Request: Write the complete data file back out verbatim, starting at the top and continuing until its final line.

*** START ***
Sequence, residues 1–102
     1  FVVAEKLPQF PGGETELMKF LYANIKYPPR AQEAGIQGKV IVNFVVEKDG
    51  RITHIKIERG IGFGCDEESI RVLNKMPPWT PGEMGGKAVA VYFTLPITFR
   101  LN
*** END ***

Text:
Sequence, residues 1–102
     1  FVVAEKLPQF PGGETELMKF LYANIKYPPR AQEAGIQGKV IVNFVVEKDG
    51  RITHIKIERG IGFGCDEESI RVLNKMPPWT PGEMGGKAVA VYFTLPITFR
   101  LN